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Grief doesn't present in just one way. Grief literally messes with your mind. Someone dies, and you can still hear their footsteps in the hall. You think you see them on a crowded street. You can't delete their number from your phone. Grief is a tough subject to address because it isn't understood or accepted in society. You lose a parent and you have to be at work the next week. The Victorians may have had some weird ideas but they were right on the money with the custom of wearing a black armband for some time after a death. The black armband makes visible the loss experienced. Brandon Dermer's "I'm Totally Fine" is a funny and charming movie, with two entertaining performances from Jillian Bell and Natalie Morales at its center, but where it really works is in its understanding of grief, and how grief can turn someone's world—and mind—upside down. The best sci-fi illuminates darker corners of the human condition and screenwriter Alisha Ketry has crafted a sci-fi context illustrating the destabilizing experience of grief in thought-provoking ways.
Vanessa (Bell) is grieving the loss of Jennifer (Morales), her best friend since childhood. The two of them created a business together, selling organic soda, and were just about to celebrate their first distribution deal when Jennifer dropped dead from a pre-existing and yet undiagnosed condition. Vanessa's world is turned upside down. She is first seen sobbing in her car on the side of the highway, while on her way to a luxurious villa she and Jennifer rented to throw a party for the launch of their company. Now there will be no party. Vanessa goes out to the location anyway, to "clear her head." She wanders through the empty mansion. She's completely disoriented and becomes even more so when Jennifer—or someone who looks exactly like Jennifer—strolls into the kitchen.
This Jennifer may be an identical twin of the real and dead Jennifer, but she speaks robotically, and claims she is an extraterrestrial, sent on a mission to earth to study the ways of humans. Alien Jennifer has inherited all of the real Jennifer's memories, and yet alien Jennifer does not understand life on earth, it is a mystery to her. She murmurs into little dictaphone-type extraterrestrial gadget observations like "Human has turned anger on herself.” At first, Vanessa refuses to believe that what is happening is really happening. She is clearly having some kind of psychotic break, she thinks. Grief has made her "see things." She literally rubs her eyes, hoping alien robotic-voiced Jennifer will go away.
What then follows may be somewhat expected, but it's nonetheless pleasurable to watch it unfold. Vanessa finds herself comforted being in the presence of her old friend, or at least the appearance of the presence. Alien Jennifer is baffled by so much of what she sees. Humans are very weird to her! What’s all this crying and laughing business? When she tries to put all these things together in a way that makes sense—to her and to her “bosses” back home—her conclusions remind me of one of my favorite poems, A Martian Sends a Postcard Home by Craig Raine. The Martian describes an alarm clock thus:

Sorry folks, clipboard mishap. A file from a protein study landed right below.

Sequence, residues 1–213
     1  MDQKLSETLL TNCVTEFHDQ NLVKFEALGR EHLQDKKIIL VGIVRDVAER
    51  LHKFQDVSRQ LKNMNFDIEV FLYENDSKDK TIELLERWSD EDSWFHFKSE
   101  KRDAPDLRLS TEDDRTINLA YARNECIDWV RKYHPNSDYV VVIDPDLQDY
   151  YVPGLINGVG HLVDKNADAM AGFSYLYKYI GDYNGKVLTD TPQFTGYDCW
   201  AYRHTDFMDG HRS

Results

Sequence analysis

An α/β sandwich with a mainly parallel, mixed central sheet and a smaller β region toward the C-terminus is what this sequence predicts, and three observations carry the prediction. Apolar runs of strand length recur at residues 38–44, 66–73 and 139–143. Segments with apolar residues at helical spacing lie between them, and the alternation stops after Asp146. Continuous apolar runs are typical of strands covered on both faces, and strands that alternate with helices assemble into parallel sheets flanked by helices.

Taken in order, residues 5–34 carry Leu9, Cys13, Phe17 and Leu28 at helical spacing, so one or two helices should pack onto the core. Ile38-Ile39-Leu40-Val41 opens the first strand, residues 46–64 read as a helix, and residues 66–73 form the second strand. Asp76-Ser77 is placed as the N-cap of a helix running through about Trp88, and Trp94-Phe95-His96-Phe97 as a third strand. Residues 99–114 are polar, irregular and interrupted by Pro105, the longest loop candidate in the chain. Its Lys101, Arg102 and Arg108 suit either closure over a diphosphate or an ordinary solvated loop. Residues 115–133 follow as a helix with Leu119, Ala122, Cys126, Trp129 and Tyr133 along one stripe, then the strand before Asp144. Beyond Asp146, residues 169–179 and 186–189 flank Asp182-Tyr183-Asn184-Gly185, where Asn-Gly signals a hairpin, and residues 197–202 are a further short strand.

"In homes, a haunted apparatus sleeps,
that snores when you pick it up."
The Martian then observes human pain:
"Only the young are allowed to suffer
openly. Adults go to a punishment room
with water but nothing to eat.
They lock the door and suffer the noises
alone. No one is exempt
and everyone’s pain has a different smell."
Alien Jennifer has a similar experience. She watches Vanessa's various emotional explosions and attempts to understand what the heck is going on with this strange being. Vanessa is totally thrown off by alien Jennifer looking exactly like the real Jennifer. In a way, she almost doesn't care that alien Jennifer is an alien. It is just so good to be in her friend's presence again. Vanessa mourns the past, but she's also mourning the future, the future she now will not have. She and Jennifer won't grow old together. The time they had together was all they would have.
A couple of other characters show up periodically in "I'm Totally Fine," most notably "Deejay Twisted" (Harvey Guillén), hired for the canceled party. Vanessa forgot to cancel the Deejay, so he arrives in a glow-in-the-dark jacket, bearing a stash of Molly, beaming a huge non-judgmental smile. Hosting a dance party for just two people? No problem! He's happy as long as he's getting paid.
Bell, who came out of improv, brings the improviser's quick wit, emotional depth, and sense of reality, to whatever she does. Witness 2019's "Brittany Runs a Marathon." In "I'm Totally Fine," her emotional distress is real and extremely touching. But her sense of humor is irrepressible, and her line readings are on point. She turns down a Xanax offered by a party planner, acting extremely offended at the presumption, but then mid-sentence changes her mind and says, "Yeah, okay, I'll have one." Her performance is full of details like this, and humor is often in the details.
Morales is very funny playing a literal-minded alien who is immune to social niceties, has no sense of humor, has to practice smiling, and is extremely distracted by the sensation of having eyebrows. Alien Jennifer has a journey to go on too, but it is through Bell we get the friendship, we get the backstory, and ... we can feel all that has been lost.
"I'm Totally Fine" is a gentle relationship-focused film, and its sci-fi trappings are an "excuse" to explore a very important topic in amusing and insightful ways.
Now playing in theaters and on digital platforms.
Jillian Bell as Vanessa
Natalie Morales as Jennifer/Extra Terrestrial
Kyle Newacheck as Smoking Towny
Harvey Guillén as DJ Twisted Bristle
Karen Maruyama as Sandra
Blake Anderson as Eric